A canticle for Leibowitz

My high school band director, Paul Parets, suggested that I should read A canticle for Leibowitz by Walter M. Miller Jr. Since Mr. P (I still can’t bring myself to call him “Paul”) was one of the few teachers I had who was Not An Idiot, I decided to take him up on it. And here is the obligatory book report.

Canticle was written at the high point of American Catholicism, the mid-50s, before The Spirit of Vatican II (not the letter!) tore everything apart. Miller was a Catholic convert who had before his conversion taken part in the bombing of the Benedictine Abbey of Monte Cassino, which was traumatic for him, and which was a definite influence on Canticle. It’s a bit of a shock in 2013 to read a novel, not specifically aimed at a religious audience, which treats the Church accurately and respectfully, and which deals with theological issues with 99% fidelity. It’s a realistic portrayal: there are sadistic abbots, bad popes, and a priest who punches somebody in the face (like St. Nicholas!). But there is no pederasty and no conspiracies (aside from a little politicking by an abbot). Rather, there is (among other matters) a battle over euthanasia which is shocking in its timeliness.

The theme of the novel is the relationship between religion and science, and the practical necessity for religion to guide the use and development of science. The first part of the novel (originally, three separate novellas) is set 600 years after a nuclear war. In the aftermath, the survivors had attempted to wipe out all knowledge and learning. A scientist named Isaac Edward Leibowitz joined the Church for protection, and founded an order of monks, The Albertine Order of Leibowitz (coincidentally and amusingly abbreviated AOL), to preserve what knowledge had escaped the howling mobs. The monks hand-copy books, as they did during the Dark Ages. A postulant encounters a Jewish pilgrim who points him to the final resting place of the Beatus Leibowitz’s wife, and to some relics, which eventually leads to the canonization of Leibowitz. This mysterious pilgrim appears in all three sections of the book (the only character to do so, given that the time span is 1200 years). In the first part, he is taken by some to be an apparition of Leibowitz himself. In the second section, he scoffs at this and declares himself to be Lazarus. As a type, he fits the legend of the Wandering Jew; he is always looking for the Messiah (who Lazarus would presumably recognize). And it should be noted that standard Catholic belief is that Lazarus eventually died again.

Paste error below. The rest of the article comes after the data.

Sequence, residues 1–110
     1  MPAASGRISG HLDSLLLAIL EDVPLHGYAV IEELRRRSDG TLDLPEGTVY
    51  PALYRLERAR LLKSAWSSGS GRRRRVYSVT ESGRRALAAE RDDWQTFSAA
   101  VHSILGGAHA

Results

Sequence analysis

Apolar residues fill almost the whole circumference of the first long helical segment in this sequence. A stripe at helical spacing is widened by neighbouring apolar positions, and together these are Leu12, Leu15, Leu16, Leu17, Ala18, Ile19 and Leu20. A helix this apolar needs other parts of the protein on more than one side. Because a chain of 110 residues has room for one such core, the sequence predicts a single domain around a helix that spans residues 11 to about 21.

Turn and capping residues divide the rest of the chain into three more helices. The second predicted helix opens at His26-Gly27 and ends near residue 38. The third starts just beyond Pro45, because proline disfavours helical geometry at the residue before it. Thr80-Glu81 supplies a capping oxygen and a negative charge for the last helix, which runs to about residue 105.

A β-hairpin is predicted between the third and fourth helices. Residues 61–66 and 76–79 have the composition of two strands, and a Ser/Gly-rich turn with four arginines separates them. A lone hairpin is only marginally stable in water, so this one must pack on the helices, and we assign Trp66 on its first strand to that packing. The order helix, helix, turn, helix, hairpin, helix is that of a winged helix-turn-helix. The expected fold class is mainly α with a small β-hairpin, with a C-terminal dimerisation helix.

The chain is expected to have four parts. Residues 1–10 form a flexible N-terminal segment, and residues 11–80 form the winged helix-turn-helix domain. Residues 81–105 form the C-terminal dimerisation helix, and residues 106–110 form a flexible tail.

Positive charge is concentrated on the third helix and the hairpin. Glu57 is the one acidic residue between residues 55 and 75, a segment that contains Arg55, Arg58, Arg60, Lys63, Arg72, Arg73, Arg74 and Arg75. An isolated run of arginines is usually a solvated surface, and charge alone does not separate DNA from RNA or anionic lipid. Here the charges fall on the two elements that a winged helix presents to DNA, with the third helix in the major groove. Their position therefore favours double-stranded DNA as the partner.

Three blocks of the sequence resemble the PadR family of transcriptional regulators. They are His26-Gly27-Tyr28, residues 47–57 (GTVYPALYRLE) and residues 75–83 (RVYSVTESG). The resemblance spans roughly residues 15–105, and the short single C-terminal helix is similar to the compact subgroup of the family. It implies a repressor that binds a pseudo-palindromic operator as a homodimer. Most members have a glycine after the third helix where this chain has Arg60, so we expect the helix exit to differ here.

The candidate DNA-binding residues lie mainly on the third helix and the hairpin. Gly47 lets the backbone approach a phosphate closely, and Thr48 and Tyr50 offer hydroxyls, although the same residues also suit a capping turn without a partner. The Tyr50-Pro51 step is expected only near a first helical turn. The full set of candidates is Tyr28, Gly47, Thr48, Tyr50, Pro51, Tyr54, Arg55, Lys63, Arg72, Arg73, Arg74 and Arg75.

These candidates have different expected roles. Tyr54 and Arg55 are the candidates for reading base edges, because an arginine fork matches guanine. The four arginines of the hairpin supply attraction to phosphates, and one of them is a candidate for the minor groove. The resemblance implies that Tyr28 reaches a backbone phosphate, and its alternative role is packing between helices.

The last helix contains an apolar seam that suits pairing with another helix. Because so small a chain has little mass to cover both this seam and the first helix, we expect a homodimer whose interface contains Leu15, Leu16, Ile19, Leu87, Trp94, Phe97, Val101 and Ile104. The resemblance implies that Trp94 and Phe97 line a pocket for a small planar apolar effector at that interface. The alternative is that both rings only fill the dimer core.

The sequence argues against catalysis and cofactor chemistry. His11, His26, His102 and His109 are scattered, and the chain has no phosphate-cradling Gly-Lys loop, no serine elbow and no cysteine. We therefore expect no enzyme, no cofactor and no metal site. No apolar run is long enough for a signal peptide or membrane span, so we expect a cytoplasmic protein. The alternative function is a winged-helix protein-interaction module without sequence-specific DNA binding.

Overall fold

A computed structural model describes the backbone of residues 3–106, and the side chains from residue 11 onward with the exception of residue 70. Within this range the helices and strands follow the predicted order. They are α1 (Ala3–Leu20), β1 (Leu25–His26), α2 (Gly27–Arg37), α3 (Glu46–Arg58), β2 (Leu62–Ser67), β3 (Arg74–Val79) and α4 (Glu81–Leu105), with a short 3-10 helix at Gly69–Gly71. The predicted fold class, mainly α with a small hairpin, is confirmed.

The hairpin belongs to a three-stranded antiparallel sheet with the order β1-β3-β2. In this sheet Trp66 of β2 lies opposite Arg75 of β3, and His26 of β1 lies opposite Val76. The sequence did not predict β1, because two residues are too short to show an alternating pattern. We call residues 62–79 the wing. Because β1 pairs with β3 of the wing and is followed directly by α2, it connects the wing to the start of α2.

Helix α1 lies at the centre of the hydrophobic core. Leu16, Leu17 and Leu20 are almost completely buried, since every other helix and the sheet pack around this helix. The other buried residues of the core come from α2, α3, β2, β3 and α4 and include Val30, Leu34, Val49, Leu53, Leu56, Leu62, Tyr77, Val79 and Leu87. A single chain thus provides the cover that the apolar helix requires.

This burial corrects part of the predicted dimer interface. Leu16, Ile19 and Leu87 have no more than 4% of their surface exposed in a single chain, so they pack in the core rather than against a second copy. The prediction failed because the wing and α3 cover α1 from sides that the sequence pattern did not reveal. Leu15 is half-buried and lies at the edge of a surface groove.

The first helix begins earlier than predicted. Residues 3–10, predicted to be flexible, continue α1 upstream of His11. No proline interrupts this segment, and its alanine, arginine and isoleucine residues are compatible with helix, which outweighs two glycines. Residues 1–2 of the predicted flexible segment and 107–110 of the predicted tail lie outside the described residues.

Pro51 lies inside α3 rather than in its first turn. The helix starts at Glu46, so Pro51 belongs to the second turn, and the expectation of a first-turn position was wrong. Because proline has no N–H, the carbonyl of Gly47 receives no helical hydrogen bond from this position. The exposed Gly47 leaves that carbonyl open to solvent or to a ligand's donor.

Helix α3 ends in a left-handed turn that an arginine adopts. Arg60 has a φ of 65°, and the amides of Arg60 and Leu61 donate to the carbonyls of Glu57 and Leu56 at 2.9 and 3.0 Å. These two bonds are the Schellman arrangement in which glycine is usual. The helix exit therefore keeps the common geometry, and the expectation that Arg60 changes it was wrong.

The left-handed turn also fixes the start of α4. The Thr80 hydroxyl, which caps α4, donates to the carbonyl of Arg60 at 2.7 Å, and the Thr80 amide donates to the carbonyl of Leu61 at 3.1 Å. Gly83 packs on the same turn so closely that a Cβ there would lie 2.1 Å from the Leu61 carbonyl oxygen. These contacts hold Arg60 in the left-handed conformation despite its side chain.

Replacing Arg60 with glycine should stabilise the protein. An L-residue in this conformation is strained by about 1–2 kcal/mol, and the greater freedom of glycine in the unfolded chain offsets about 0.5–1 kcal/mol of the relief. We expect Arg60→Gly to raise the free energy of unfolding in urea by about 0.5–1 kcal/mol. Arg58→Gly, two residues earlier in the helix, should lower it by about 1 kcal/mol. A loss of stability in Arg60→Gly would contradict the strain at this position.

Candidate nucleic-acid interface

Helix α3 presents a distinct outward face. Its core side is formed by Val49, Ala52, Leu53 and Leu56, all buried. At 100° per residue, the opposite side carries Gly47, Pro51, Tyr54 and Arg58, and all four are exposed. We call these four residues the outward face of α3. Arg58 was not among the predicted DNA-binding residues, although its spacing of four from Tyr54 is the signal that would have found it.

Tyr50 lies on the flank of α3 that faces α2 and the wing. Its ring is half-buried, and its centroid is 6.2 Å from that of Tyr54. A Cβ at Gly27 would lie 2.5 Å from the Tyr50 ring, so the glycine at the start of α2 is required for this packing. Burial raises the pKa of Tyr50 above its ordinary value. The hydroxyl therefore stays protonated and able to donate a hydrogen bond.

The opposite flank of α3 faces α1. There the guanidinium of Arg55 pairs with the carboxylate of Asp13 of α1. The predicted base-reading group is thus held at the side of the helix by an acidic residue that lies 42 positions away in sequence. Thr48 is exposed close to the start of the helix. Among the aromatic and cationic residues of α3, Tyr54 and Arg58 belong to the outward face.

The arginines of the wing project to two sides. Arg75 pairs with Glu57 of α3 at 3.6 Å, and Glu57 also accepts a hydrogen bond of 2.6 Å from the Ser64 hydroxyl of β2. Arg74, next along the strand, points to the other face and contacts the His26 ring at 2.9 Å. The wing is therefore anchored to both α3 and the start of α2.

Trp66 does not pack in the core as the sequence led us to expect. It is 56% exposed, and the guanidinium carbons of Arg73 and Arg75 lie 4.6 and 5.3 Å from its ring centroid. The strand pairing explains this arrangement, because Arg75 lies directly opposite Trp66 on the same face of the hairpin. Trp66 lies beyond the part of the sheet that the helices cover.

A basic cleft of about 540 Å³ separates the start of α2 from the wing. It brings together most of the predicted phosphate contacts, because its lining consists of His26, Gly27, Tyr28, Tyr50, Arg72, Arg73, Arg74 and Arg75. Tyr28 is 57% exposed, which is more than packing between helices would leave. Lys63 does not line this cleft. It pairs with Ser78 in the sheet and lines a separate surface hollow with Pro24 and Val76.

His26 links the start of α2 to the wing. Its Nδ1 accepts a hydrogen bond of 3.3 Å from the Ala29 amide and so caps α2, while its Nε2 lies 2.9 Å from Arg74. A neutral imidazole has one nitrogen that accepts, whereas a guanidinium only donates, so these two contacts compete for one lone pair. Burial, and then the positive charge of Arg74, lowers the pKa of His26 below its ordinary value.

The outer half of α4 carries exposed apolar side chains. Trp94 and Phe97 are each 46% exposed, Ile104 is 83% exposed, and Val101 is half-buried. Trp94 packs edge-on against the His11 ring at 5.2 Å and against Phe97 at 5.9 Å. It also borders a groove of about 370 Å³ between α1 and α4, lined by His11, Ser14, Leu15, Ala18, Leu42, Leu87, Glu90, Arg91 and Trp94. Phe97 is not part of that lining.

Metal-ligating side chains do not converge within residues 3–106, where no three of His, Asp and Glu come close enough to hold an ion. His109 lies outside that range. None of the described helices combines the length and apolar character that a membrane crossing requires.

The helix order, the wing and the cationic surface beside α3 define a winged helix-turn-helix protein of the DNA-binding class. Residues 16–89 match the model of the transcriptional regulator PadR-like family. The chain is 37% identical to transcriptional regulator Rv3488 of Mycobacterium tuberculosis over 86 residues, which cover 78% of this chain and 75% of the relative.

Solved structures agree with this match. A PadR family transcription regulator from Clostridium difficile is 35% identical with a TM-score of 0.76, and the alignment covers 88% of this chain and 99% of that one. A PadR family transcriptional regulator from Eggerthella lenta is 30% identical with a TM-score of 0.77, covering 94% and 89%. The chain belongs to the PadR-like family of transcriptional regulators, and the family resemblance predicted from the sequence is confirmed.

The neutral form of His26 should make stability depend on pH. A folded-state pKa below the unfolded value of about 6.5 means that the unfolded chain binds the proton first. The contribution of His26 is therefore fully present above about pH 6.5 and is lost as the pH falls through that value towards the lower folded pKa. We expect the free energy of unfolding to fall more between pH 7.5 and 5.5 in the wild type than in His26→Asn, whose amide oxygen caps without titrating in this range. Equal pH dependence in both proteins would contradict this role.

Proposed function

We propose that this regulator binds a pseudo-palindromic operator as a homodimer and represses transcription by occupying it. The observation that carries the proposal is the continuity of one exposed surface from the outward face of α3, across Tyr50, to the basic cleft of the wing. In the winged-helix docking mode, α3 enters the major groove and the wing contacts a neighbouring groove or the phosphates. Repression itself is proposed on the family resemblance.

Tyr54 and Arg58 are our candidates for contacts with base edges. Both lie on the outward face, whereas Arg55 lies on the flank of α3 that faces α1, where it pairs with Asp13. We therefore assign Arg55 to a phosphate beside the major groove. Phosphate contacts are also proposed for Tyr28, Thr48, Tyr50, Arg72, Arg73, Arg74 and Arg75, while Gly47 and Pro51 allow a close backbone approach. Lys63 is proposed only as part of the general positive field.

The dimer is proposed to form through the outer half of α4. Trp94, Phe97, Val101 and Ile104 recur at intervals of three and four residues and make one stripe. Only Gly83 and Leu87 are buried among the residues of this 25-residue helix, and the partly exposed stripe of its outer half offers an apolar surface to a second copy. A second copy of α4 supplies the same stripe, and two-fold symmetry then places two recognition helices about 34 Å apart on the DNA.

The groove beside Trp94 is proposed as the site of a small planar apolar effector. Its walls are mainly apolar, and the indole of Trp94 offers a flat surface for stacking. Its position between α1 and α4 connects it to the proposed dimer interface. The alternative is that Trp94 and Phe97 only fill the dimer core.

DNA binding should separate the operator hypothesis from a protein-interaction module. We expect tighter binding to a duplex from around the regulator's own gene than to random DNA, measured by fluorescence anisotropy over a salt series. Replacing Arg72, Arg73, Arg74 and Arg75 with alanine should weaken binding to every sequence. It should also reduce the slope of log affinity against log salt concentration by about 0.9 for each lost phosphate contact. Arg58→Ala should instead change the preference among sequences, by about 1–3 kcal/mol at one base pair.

In the second section, set 600 years later, a Renaissance is beginning., along with secular science, which finds itself being co-opted by political power. The Church (in the form of the AOL Abbey) is open-handed with scientific knowledge, while challenging the moral choices of scientists. In the 3rd section (600 years yet farther on) civilization has returned to its former state, including nuclear weapons, and they are starting to be used. A group from the Church, including bishops, sets off in a spaceship to the colony on a planet of Alpha Centauri, to perpetuate the Church, before Mankind destroys itself again (and possibly finally).

The writing style is engaging (indeed, at points so virtuosic as to call attention to itself), the plot energetic, and the ideas of consequence. It’s well worth the read. One wonders what effect the post-Vatican II disruptions would have had on Miller’s writing. Miller suffered from PTSD and depression all his life, and after he wrote Canticle, he became a recluse. He had finished most of a companion novel, Saint Leibowitz and the Wild Horse Woman, before shooting himself in 1996. It’s been finished and published, I haven’t read it, but the Wikipedia summary suggests that either the Church’s demons or Miller’s own had gotten to it, set as it is in a time of a Babylonian Capitivity of the Church. I might look for it; in the meantime, Canticle gets this layman’s official Nihil obstat and recommendation.


2 Responses to A canticle for Leibowitz

  1. kishnevi says:

    I remember reading that book for high school English. Mostly I remember it as a very pessimistic book, because it seemed to think of human history as inevitably repeating the mistakes of the past.

  2. one of my favorite teachers of all time

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